The nostalgia never fails to kick in when I think back on my introductory years to gaming, specifically in regards to my experience with the Harry Potter series that had so promptly and fiercely taken the world by storm, inadvertently claiming my heart and soul for life (Horcrux alert!). As a young child, I had taken solace and comfort from J.K Rowling’s fictional creation that preached the values of friendship, love, and belonging — and I unashamedly admit that I still do. I have been obsessed with Harry Potter’s world since the moment I finished reading Harry Potter and the Philosopher’s Stone in two days, as a bright-eyed six-year-old — the novel that spurred my love for reading. It went without question that I would absolutely find myself sucked into the video game adaptations that were to be released over the coming years, falling ever deeper into this enchanted universe of magical creatures, spell-binding chaos, and the complexity of a ‘good vs. evil’ war.
It was late 2002 when Electronic Arts released Harry Potter and the Chamber of Secrets — my personal favourite instalment in the series — on a variety of platforms, however my heart belonged to the shiny new PlayStation 2 sitting in my living room that I had been gifted the previous Christmas. Mine. Not my brother’s, as he would have you incorrectly think. I remember when I first gently and ever so carefully placed the disc in the tray and watched to see if the startup screen would appear, or display the error that had plagued my seven-year-old self for months. After a few moments, it worked. It loaded, and to put it as eloquently as possible, I lost my shit.
The video games, along with the saga itself of books and films, have given me a lifetime of memories and experiences that I will always smile fondly on. They incited a passion for gaming that has further evolved into a fascination with fantasy MMORPGs, and I truly believe that the Harry Potter games would totally kick ass if remastered. Although they’re already fantastic for their time, I can’t help but imagine what they would be like in 2017. From the graphics, to the gameplay, from the voice acting to the mission formats and the difficulty levels, I would love to see what could be a brilliant, out-of-this-world regeneration for the Harry Potter game series.
Rhys: The Rayman Trilogy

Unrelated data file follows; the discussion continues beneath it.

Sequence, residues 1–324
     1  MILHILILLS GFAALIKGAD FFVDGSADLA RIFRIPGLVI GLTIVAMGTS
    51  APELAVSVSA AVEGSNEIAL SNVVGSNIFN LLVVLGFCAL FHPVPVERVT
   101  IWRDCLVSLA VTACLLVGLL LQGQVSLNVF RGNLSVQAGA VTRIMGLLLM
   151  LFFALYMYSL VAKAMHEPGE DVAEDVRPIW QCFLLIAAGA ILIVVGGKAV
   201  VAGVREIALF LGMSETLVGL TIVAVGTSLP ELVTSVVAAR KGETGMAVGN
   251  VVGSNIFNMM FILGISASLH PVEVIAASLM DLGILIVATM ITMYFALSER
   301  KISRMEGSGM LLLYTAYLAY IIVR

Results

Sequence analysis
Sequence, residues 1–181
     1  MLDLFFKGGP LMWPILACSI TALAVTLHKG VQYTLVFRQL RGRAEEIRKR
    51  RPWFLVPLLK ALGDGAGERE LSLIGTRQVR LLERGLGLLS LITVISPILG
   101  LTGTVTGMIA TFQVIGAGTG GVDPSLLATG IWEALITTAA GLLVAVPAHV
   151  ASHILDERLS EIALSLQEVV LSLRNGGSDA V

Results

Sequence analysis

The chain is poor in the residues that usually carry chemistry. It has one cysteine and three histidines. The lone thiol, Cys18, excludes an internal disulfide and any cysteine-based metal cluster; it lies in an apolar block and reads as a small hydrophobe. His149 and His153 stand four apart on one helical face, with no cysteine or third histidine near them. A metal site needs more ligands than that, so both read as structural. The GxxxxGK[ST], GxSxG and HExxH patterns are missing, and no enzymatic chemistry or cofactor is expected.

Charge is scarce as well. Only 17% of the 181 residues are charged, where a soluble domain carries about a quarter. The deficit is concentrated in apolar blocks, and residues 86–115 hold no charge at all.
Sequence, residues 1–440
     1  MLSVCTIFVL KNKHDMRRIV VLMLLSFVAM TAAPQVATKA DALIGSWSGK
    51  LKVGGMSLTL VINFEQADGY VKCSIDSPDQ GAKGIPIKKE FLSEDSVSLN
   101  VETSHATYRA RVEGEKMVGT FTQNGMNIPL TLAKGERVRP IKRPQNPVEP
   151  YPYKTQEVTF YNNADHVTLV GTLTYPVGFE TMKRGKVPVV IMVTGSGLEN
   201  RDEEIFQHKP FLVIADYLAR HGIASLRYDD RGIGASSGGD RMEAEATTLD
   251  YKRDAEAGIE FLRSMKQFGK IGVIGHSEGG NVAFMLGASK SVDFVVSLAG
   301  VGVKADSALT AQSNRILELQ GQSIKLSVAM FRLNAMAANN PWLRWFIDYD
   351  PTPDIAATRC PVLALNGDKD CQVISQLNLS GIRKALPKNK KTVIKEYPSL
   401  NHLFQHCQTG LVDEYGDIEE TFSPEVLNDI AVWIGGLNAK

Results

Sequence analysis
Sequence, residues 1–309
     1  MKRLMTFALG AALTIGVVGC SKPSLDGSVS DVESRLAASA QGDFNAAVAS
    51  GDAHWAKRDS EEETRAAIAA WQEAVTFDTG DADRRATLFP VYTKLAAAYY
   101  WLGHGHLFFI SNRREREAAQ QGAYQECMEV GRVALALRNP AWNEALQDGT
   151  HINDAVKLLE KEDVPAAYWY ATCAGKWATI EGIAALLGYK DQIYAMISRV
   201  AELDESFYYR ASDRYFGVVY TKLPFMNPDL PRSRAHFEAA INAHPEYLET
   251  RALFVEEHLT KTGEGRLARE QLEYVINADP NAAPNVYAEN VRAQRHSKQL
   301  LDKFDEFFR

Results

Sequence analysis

There is something oddly charming about the original three Rayman games. I remember playing them as a child, being fond of the quirky style and fairy-tale like world. Although the series has gone on to see moderate success with Rayman Origins and even Rayman Legends, it would be wonderful to see the original trilogy return with modernised graphics and physics; perhaps even a revised and extended story.
I can only imagine how beautiful Rayman’s quirky world would look in modern HD (or even 4K) graphics, especially with the current generation’s reliance on lighting and particle effects, can only bring more of the excitement and mind-blowing nostalgia that I felt when we all got our first look at the Crash Bandicoot: N-Sane Trilogy. If Activision can make Crash Bandicoot relevant again, I know that Ubisoft can do the same with the original Rayman games.
Considering that Rayman 3 was one of the first games I played (and completed) on the PlayStation 2, I would absolutely love to play the whole trilogy over and over again with the updated systems. Although they’re still fun and relevant today, I feel that these three Rayman titles are severely underrated due to the success of Origins and Legends (which are great titles on their own, of course); as a gamer who grew up playing the originals — and being disturbed by the Cave of Bad Dreams levels — for countless hours, I’d really love to see them remastered, and I’d probably be at a midnight launch, too. I also wouldn’t mind seeing Globox as an unlockable character in Rayman 3, just for the laughs!
With so very many games out there and so few staff members to cover them all (especially since we’re only allowed to cover one each), we’re sure our readers have plenty of ideas we didn’t think of, so we’re going to open the floor! Head on over to this post on our official Facebook page and let up know what game you’d most like to see remastered, and you’ll be in the running to win a $10 PSN, Steam or Xbox Live credit voucher!